What We’re Watching: German Climate Skeptics and Somali Entrepreneurs

Populist Climate Skeptics – Signalista Alex Kliment spotted the trend of far-right parties rallying against the costs of mitigating climate change early in coverage of the Finnish elections. Now similar ideas have found a foothold in Germany. Ahead of elections for the European Parliament later this month, the far-right Alternative for Germany party has added charges that climate change is a hoax to its attacks on Muslim migrants.

Somali entrepreneurs – The (important) good news is that Mogadishu, Somalia's capital, is emerging from decades of war. The (much less important) bad news is that better times bring more people and heavier traffic. Not to worry. As of May 1, we now have the Go! app to help us hail a motorcycle for a quick ride through the congestion. The service helps customers order a ride online or flag down a yellow-clad driver passing by on a yellow bike.

We're Ignoring: Ugly American Politics and Beautiful North Korean Defectors

Calls to Scrap the US Electoral College – In 2016, Donald Trump became the second Republican in 16 years to be elected president while receiving fewer votes than his Democratic opponent. That has led to calls to scrap the US "electoral college," the system by which candidates win presidential elections via delegates from individual states rather than a majority of votes cast. Not surprisingly, 74 percent of Republican voters want to keep the current system, and 78 percent of Democrats want to scrap it. Unfortunately for Democrats, this change would require a constitutional amendment passed by two-thirds of the House and Senate and approved by 38 states, or a constitutional convention called by 34 states. Both are highly unlikely.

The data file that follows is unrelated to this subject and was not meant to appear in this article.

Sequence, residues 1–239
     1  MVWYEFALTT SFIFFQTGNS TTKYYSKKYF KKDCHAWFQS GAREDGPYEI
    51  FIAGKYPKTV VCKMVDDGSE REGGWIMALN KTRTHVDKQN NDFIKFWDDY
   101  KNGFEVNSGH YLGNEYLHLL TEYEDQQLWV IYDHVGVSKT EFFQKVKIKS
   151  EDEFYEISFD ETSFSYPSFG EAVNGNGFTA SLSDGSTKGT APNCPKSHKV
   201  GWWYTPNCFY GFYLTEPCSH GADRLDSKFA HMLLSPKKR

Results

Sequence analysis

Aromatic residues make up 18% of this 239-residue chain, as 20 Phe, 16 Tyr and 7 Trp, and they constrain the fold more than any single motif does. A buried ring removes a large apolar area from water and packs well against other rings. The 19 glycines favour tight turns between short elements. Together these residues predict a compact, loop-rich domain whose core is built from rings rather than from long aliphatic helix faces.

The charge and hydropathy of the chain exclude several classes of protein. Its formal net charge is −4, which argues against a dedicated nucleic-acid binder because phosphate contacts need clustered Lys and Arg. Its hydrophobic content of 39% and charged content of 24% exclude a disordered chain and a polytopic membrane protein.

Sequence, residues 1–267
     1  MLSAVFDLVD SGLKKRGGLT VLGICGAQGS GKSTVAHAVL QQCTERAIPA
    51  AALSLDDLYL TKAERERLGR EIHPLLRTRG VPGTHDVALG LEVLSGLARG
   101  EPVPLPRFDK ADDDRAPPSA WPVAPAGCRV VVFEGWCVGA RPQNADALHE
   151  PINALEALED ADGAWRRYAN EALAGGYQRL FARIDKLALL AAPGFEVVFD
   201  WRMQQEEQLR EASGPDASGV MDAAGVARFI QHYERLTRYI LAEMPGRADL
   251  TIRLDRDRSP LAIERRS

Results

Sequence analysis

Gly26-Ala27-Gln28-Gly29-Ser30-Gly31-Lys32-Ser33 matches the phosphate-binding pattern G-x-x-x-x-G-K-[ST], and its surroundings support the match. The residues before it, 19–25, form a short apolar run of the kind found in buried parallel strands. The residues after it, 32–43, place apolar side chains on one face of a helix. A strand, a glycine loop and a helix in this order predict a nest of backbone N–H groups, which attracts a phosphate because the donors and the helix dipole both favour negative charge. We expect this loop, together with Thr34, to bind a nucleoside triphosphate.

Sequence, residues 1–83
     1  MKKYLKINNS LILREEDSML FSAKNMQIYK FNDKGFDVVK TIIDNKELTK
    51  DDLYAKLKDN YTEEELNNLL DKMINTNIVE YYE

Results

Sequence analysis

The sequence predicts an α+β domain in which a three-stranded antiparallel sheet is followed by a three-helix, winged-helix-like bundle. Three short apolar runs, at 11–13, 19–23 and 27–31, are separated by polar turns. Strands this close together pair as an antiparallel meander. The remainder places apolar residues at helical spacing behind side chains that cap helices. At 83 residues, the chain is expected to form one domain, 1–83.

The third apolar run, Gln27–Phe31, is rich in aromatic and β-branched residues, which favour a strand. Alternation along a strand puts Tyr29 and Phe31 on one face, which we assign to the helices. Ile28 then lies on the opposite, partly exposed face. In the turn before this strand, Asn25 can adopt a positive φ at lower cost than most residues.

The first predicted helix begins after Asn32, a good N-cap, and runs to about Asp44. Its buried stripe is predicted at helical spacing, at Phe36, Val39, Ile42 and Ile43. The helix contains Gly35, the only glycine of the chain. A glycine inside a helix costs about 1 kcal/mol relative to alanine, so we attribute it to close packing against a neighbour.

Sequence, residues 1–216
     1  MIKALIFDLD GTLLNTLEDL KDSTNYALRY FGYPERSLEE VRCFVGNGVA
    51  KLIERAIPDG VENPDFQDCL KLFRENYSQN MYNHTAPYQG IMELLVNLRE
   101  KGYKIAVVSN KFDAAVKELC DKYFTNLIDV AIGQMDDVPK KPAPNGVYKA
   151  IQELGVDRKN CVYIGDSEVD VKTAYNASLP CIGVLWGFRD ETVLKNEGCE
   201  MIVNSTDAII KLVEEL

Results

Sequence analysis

Defector Beauties – This South Korean television show centers on attractive young women who have defected from North Korea and includes the kind of zaniness designed to boost TV ratings in the Internet era. It's almost too weird to ignore. But not quite.

Technology has played a big role in accelerating globalization. While it's our business to advance technology, we also believe that technology should respect and even help protect the world's timeless values. That conviction has led us to announce a new and fourth pillar to Microsoft's AI for Good portfolio – our $125 million, five-year commitment to use artificial intelligence to tackle some of society's biggest challenges. This new pillar will focus on AI for Cultural Heritage. Read more at Microsoft On The Issues.

China is poised to roll out a nationwide social credit scoring system by next year. What grade would you get?

"The Iranian people want to be South Korea, not North Korea" - Karim Sadjadpour sits down with Ian Bremmer.

This Saturday, July 20, will mark the 50-year anniversary of the day a human being first stepped onto another world. A moment born out of Cold War political pressures, it's easy to forget a half century later how much bitter controversy the project provoked at home and the intensity of the worldwide fanfare that followed its success.